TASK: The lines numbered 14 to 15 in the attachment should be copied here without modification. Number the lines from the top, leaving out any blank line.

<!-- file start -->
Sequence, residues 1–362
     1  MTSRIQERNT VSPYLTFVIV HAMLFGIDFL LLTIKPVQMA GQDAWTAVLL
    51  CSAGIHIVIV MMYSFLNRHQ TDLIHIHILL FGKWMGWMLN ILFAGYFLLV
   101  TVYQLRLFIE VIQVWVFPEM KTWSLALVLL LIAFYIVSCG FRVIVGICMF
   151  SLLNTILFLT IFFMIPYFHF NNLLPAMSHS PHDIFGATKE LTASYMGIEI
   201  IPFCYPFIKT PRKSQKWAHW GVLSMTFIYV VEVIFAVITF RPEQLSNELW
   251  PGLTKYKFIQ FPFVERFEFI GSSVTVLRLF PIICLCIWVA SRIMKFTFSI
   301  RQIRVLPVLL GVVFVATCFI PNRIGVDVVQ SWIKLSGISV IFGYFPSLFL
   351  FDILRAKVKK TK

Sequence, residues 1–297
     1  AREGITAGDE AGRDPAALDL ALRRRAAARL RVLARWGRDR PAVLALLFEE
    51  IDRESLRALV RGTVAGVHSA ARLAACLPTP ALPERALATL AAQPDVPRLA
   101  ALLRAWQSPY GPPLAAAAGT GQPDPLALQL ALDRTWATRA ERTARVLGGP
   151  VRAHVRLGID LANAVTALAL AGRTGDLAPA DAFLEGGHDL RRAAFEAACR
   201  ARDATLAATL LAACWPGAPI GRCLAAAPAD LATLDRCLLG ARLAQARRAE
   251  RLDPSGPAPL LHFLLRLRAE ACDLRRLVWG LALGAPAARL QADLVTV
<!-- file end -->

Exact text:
   151  VRAHVRLGID LANAVTALAL AGRTGDLAPA DAFLEGGHDL RRAAFEAACR
   201  ARDATLAATL LAACWPGAPI GRCLAAAPAD LATLDRCLLG ARLAQARRAE